Shaft (1971)
Warner Home Video
Cast: Richard Roundtree, Moses Gunn
Extras: Documentary, Trailers, Biographies

"Shaft" is one of the few action thrillers that managed to capture fans of traditional thrillers and those of urban films at the same time. The film walks a thin line and succeeds in taking viewers on ride into New York’s Harlem, where the life is a little tougher than elsewhere, and where people don’t take "No" for an answer. Warner Home Video has now released all three films in the "Shaft" series on DVD, just in time with the theatrical start of the new "Shaft" movie. Incidentally main actor Richard Roundtree can also be seen in this new incarnation of the film, in which Samual L. Jackson plays the titular hero, in a supporting role in homage to his original portrayal of the tough private eye. Many fans of the films have been eagerly awaiting the arrival of these films on DVD, so let’s take a look at what Warner home Video is serving up here.

John Shaft (Richard Roundtree) is a tough-as-nails private detective in New York City. When returning to his office on day, Shaft learns through his informants that two armed men had been looking for him – obviously runners of a local mobster. Carefully he approaches the office, only to find the men there and a fight ensues that sends one of the men though the office window. It turns out that crime lord Bumpy Jonas (Moses Gunn) wanted to talk to Shaft and since his men were unsuccessful to bring Shaft in, Bumpy has to make his way to see the private eye himself. Bumpy has a job for Shaft. His only daughter has been kidnapped and Bumpy asks Shaft to find and retrieve the girl. Hesitantly he agrees and soon finds himself in the middle of a street war. Not only did Bumpy hire him to recover his daughter, he also made Shaft the target of the Mafia, who took Bumpy’s daughter as a token in a conflict between the two factions.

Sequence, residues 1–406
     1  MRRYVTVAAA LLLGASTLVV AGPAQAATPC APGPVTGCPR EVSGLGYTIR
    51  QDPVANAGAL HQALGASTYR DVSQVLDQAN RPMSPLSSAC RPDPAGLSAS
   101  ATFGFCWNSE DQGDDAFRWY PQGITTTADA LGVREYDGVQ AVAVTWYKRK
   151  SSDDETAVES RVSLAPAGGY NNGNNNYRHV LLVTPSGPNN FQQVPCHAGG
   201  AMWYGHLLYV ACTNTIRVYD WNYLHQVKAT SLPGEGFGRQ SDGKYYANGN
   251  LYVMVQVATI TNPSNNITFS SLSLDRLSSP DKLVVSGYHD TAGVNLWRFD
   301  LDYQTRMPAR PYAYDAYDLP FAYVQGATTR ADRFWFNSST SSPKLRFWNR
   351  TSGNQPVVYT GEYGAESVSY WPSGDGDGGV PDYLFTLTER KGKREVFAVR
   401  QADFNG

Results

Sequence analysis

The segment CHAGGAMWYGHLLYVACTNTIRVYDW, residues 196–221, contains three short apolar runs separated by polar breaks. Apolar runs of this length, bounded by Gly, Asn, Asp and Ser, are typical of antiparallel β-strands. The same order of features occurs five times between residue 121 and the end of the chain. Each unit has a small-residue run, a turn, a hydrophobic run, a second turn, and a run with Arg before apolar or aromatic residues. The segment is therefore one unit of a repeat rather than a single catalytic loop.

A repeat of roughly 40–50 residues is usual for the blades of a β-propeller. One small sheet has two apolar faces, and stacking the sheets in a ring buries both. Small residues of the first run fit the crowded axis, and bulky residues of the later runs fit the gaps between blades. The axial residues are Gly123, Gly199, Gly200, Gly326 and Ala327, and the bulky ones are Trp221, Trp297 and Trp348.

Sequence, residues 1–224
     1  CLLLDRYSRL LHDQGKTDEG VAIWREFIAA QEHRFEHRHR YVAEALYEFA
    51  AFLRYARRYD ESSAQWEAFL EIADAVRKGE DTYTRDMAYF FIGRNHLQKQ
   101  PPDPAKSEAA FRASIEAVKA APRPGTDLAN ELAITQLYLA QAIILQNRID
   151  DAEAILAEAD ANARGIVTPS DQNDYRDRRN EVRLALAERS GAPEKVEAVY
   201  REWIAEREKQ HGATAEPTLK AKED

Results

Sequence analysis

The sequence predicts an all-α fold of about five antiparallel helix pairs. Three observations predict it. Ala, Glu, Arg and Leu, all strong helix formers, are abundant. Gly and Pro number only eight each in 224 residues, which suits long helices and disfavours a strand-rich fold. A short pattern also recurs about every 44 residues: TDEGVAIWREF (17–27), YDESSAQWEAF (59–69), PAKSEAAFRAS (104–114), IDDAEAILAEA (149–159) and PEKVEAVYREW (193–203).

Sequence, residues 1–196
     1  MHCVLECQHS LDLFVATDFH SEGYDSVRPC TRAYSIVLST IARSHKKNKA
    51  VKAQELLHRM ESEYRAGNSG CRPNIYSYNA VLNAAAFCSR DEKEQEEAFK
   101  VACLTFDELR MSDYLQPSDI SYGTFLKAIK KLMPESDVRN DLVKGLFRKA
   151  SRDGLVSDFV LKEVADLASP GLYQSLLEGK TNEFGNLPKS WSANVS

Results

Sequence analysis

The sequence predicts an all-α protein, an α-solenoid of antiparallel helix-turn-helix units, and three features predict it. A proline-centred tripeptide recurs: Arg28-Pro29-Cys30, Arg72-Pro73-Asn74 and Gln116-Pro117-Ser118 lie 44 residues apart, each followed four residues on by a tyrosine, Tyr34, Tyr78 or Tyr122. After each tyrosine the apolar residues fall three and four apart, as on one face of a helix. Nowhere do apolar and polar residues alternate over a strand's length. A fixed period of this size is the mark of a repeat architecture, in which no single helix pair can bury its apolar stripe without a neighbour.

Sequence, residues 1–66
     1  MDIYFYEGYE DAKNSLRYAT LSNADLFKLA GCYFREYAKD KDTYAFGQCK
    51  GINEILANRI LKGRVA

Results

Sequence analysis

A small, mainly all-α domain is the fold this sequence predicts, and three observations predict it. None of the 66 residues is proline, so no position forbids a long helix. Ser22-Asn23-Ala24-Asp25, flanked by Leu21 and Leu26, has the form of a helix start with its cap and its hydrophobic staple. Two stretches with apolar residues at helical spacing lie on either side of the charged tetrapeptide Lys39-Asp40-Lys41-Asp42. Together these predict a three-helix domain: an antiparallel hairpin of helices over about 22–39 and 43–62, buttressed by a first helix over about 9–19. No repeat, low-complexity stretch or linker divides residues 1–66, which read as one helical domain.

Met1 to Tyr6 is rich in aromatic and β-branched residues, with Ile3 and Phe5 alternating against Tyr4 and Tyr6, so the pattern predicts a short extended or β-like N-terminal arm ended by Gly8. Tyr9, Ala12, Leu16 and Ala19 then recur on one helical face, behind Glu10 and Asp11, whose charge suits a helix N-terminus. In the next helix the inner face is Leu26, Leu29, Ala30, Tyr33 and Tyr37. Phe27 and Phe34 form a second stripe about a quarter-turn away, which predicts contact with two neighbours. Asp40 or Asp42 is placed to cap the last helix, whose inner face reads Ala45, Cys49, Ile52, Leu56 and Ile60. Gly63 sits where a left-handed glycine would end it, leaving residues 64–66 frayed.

Outraged, Shaft confronts Bumpy but since he gave his word to rescue the girl, he can’t turn back. Shaft teams up with the Black Panthers, a group of underground rebels, and decides to make sure the Italian mobsters understand that there is no room for their games in Harlem.

Much of the appeal of the film comes from Richard Roundtree’s portrayal of Shaft. The character is tough and smart, yet at the same time he is vulnerable and smooth. A bit like a black James Bond, Shaft always has the right things to say and a beautiful girl not too far out of reach. A direct comparison with the Bond character can never be drawn however, as shaft’s urban setting is entirely different from the exotic locations we get to see in the Bond movies and the fact that Shaft’s ambitions and actions are firmly rooted in reality, working on a much smaller scale. That however makes the character much more tangible, giving him a personable quality.

"Shaft" is beautifully photographed and staged. The atmospheric camera work captures the streets of New York, always keeping the look of the film harsh and cold. The color scheme is typical 70’s muted with acidic contrasts, but at the same time uses a number of blue tinges, especially in the outdoors, to suggest the cold environment the people are facing.